The Bourne Ultimatum

The Bourne Ultimatum

The Bourne Ultimatum

Bourne Again and Again

Written in the 1980s, during the last flush of CIA paranoia, Robert Ludlum’s thrillers attempt to investigate the onion-like layers of super agent Jason Bourne, played onscreen by the mull-faced Matt Damon, which makes the examination a bit like ascribing subtle flavor levels to an animal cracker. But the truly emblematic character in these films is Julia Stiles, who has even less range than Damon, though yards more charisma. If you remember correctly, Stiles appeared in the first film in a role that seemed almost tacked on; like a snippet of DVD commentary with a physical presence. And though she has improved slightly and the plot has become a bit more textured, the rest of The Bourne Ultimatum is a mess.

In this installment, fits of turbulent brilliance get lost in two-second cuts and hand-held camera jitters; meanwhile, Damon and Stiles are actually trumped by the cliche-spouting Joan Allen and David Strathairn. Strathairn-nowadays always cast as a prig evildoer-gets the dumbest lines to deliver. “Does Bourne want to be detected?” he asks good CIA agent Allen rhetorically. “I don’t think so!” he says with all the theatrical grace of Don Knotts. Allen is only a little better, helped a bit by her slow burn and lean hand-wringing.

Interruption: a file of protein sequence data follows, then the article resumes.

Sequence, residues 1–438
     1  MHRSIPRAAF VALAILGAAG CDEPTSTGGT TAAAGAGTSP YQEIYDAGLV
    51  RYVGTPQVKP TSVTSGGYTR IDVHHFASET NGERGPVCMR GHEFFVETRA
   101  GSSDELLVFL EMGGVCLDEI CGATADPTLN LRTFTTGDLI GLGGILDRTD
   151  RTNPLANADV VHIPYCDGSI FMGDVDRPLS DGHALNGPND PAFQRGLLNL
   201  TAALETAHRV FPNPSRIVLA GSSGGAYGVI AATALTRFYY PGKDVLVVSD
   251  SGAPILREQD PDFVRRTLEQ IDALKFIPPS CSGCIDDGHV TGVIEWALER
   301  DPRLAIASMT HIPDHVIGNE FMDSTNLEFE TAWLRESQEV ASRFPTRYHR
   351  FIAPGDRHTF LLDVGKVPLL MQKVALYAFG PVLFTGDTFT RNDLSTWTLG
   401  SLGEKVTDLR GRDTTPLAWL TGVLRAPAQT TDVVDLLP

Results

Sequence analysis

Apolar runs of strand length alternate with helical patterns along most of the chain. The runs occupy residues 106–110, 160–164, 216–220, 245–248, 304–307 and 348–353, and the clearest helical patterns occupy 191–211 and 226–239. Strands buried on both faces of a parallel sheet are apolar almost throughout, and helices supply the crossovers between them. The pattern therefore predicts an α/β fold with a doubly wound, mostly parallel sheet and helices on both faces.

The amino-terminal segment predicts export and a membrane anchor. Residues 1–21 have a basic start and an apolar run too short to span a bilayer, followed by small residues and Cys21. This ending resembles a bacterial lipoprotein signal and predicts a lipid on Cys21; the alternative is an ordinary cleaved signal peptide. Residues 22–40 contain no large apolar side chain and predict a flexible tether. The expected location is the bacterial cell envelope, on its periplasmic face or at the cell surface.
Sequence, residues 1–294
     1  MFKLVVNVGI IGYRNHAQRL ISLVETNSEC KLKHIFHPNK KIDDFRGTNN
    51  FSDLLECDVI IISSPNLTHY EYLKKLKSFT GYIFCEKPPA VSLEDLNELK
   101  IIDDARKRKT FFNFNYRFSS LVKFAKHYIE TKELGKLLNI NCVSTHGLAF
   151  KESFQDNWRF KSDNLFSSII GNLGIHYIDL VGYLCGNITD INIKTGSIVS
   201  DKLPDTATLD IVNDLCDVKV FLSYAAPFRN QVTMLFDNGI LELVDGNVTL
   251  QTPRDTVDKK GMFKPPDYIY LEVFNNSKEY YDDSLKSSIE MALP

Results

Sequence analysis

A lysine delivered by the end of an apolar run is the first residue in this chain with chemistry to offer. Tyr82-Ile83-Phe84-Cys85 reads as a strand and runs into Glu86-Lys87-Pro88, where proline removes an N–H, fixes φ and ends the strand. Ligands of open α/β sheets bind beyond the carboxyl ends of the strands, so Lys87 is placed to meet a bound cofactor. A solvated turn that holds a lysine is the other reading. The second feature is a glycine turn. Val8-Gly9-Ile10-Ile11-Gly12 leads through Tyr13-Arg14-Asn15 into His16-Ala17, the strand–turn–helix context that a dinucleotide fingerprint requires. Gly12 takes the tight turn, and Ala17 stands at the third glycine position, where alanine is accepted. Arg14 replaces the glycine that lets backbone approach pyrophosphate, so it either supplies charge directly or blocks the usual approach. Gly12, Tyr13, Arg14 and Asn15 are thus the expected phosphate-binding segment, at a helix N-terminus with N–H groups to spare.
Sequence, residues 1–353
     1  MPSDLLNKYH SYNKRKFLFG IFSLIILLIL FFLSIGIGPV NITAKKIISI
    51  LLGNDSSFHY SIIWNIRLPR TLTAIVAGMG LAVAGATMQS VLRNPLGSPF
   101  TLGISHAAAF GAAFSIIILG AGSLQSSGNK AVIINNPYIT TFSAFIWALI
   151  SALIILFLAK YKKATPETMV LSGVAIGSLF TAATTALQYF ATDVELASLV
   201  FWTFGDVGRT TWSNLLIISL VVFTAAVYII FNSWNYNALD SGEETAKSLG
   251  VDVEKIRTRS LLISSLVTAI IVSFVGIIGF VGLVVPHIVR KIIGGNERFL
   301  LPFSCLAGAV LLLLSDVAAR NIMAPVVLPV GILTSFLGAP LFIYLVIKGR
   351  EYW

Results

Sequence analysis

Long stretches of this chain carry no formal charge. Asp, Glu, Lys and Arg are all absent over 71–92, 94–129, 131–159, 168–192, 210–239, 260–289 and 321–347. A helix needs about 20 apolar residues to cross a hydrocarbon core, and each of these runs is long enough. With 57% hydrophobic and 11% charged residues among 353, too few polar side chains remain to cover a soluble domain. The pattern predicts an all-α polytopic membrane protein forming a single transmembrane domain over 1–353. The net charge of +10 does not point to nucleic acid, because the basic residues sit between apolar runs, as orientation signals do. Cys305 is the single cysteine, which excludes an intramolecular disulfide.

After all this, I’ll admit the film is still enjoyable. Not entirely ruined by frenetic style or dumb dialogue, it rattles along with a whoosh of action, mostly fights and chases-the true stars of any spy feature. But the film’s nervous energy offers anxiety and explosions rather than a sense of evil coiling toward a brilliant recognition. It’s too much style, as if the director did not trust the material and wanted to hide a lot of loose ends in bursts of cool camera tricks. Lest you suppose this franchise has

become seriously serious, consider one final fact. When the end comes, Bourne learns about his shaded past and we learn about his destiny. As Maggie Simpson would say, “Sequel!”

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